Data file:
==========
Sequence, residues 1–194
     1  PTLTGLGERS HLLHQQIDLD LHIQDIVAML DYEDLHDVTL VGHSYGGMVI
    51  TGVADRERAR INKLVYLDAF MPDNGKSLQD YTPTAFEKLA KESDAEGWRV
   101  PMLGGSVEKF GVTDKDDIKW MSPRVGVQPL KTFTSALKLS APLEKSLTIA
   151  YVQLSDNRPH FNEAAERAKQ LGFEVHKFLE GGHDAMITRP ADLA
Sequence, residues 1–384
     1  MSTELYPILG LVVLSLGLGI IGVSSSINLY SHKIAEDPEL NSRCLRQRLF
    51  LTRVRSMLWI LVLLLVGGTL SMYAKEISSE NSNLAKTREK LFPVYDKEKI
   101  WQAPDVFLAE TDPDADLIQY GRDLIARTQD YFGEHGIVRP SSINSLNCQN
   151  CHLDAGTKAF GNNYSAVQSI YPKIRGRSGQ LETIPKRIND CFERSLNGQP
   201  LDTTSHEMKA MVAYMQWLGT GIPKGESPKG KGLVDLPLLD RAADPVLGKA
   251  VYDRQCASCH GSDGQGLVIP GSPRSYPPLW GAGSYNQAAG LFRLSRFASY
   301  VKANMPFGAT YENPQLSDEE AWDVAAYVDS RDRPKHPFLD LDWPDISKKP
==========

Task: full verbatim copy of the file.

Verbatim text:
Sequence, residues 1–194
     1  PTLTGLGERS HLLHQQIDLD LHIQDIVAML DYEDLHDVTL VGHSYGGMVI
    51  TGVADRERAR INKLVYLDAF MPDNGKSLQD YTPTAFEKLA KESDAEGWRV
   101  PMLGGSVEKF GVTDKDDIKW MSPRVGVQPL KTFTSALKLS APLEKSLTIA
   151  YVQLSDNRPH FNEAAERAKQ LGFEVHKFLE GGHDAMITRP ADLA
Sequence, residues 1–384
     1  MSTELYPILG LVVLSLGLGI IGVSSSINLY SHKIAEDPEL NSRCLRQRLF
    51  LTRVRSMLWI LVLLLVGGTL SMYAKEISSE NSNLAKTREK LFPVYDKEKI
   101  WQAPDVFLAE TDPDADLIQY GRDLIARTQD YFGEHGIVRP SSINSLNCQN
   151  CHLDAGTKAF GNNYSAVQSI YPKIRGRSGQ LETIPKRIND CFERSLNGQP
   201  LDTTSHEMKA MVAYMQWLGT GIPKGESPKG KGLVDLPLLD RAADPVLGKA
   251  VYDRQCASCH GSDGQGLVIP GSPRSYPPLW GAGSYNQAAG LFRLSRFASY
   301  VKANMPFGAT YENPQLSDEE AWDVAAYVDS RDRPKHPFLD LDWPDISKKP